Background to the Collection
The Association of Chief Police Officers (ACPO) came into being following a partial merger of the County Chief Constables' Club (established 1858) and the Chief Constables' Association of England and Wales (established 1896). Both organisations had operated primarily for social purposes, with the County Chief Constables’ Club providing services for senior officers of County forces, and the Chief Constables’ Association providing the same for senior officers of City and Borough Forces.
Work towards amalgamation of the two bodies began in 1943, however it was only in July 1948 that the two organisations completed their amalgamation and formed the Chief Constables' Association. At this stage distinctions were retained between City, Borough and County forces. In 1952 this distinction between forces was dropped and the Metropolitan Police became members. From this point the association became the Association of Chief Police Officers of England and Wales. The inclusion of the Royal Ulster Constabulary from 1970 onwards resulted in ACPO becoming the Association of Chief Police Officers of England, Wales and Northern Ireland.
From the mid-1960s ACPO became more involved in facilitating the co-ordination and co-operation of police forces, as well as influencing policing policy at a national level. In 1990 its constitution was formalised, with a "Statement of Common Purpose and Values":
- The Association of Chief Police Officers (ACPO) is an independent, professionally led strategic body
- In the public interest and, in equal and active partnership with Government and the Association of Police Authorities, ACPO leads and coordinates the direction and development of the police service in England, Wales and Northern Ireland
- In times of national need ACPO, on behalf of all chief officers, coordinates the strategic policing response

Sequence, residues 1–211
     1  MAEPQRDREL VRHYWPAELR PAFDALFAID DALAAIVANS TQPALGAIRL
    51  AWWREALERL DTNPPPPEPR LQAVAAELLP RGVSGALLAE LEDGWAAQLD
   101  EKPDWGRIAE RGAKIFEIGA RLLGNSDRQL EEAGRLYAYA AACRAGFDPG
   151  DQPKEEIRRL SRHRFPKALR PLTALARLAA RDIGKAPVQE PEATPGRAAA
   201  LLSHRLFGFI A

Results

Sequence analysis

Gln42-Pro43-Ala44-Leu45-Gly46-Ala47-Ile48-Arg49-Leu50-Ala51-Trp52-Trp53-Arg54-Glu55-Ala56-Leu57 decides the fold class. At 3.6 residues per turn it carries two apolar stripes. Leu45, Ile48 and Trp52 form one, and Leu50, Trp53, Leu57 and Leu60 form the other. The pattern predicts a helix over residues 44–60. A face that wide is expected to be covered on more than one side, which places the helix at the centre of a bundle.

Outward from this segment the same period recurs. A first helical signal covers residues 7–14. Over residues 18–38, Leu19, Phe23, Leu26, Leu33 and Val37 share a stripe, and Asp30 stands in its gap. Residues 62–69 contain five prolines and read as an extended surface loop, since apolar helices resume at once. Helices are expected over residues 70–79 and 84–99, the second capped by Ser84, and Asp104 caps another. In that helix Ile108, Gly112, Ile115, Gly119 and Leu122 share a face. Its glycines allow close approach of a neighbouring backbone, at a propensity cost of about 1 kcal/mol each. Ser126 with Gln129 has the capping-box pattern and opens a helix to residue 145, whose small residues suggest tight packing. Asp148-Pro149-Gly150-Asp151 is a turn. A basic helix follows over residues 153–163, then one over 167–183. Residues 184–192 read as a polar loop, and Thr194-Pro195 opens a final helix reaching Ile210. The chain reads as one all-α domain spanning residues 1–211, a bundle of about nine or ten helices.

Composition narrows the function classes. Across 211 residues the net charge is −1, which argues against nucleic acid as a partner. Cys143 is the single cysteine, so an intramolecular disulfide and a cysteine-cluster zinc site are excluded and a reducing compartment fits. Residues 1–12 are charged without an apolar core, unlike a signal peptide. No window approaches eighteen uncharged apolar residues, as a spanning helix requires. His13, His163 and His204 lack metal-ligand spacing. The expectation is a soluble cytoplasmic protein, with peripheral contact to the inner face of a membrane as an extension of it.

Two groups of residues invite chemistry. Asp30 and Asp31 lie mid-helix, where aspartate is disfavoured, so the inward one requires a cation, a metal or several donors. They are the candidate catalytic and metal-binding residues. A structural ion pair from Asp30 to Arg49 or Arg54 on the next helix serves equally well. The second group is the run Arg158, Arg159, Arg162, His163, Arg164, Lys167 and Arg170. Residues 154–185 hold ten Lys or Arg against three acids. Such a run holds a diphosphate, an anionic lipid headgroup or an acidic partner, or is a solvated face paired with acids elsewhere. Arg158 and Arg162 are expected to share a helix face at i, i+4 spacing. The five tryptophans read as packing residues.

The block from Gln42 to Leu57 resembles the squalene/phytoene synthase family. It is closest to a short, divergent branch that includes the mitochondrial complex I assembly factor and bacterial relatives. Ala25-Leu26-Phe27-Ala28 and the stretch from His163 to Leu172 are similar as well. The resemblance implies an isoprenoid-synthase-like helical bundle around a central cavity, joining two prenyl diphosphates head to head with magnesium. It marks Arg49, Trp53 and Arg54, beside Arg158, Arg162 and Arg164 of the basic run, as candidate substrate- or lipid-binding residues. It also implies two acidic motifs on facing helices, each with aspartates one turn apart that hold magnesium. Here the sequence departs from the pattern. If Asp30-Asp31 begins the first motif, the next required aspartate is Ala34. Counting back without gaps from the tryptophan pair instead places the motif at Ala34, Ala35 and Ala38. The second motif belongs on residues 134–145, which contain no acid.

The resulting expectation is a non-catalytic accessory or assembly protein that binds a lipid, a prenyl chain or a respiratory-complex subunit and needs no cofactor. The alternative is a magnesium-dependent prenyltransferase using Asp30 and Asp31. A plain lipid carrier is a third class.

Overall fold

In 1996 ACPO became a private company limited by guarantee, providing it the status of a legal entity able to bring and defend legal actions. In April 2013, following an independent review into its structure, function and value for money, ACPO was disbanded.
See our online catalogue for a full history of ACPO.
What is in the collection?
The collection (reference U DPO) contains records pertaining to ACPO between 1856-2005, including minutes and administrative papers of the Secretariat, the Council, the Committees and Sub-Committees. The collection also contains subject files which cover a wide variety of themes including police training and discipline, penal reform, recruitment, and community relations. The collection contains information about major national events such as the 1984-85 Miners' Strike, the 2000 fuel protests, and the Stephen Lawrence Inquiry.
What areas of research would the collection support?
The collection is useful for researchers looking at the following areas:
- The development of policing practice in the 20th century
- Police leadership in the 20th century
- Employment, working conditions and staff associations
- The corporatisation of the police service in the 20th century
- The police response to the 1984-85 miners’ strike.
Are there any access issues?
U DPO includes items containing personal sensitive information which are not available for public inspection during the lifetime of the data subject. Items which are closed are clearly marked in the catalogue. All other material is available to researchers. If you have a query about access to material in this collection please contact the University Archives team.
Is there any related material?
At Hull History Centre:
- The papers of Liberty (U DCL), Chris Mullin MP (U DMU) and Sir Patrick Cormack MP (U DPK) provide content which relates to events present within U DPO
- Further records relating to the history of crime can be found in the Hull Quarter sessions records (C CQA and C CQB), the Hull Borough records (C BR), and the Hull Magistrates records (C DPM).
At other repositories:
- The National Archives holds records of the Home Office and also of official inquiries into the police to which ACPO contributed evidence or comment
- A Guide to the Archives of the Police Forces of England and Wales (PDF) was created in 1989 by Ian Bridgeman and Professor Clive Emsley. This provides a useful guide to locating further content
- The National Police Library, based at the College of Policing, provides a more complete catalogue of police related publications and reports. Their catalogue is searchable online and content can be made available by inter-library loan. The library welcomes enquiries from non-police researchers.
Please see our politics and campaigning page for further guidance on our political collections.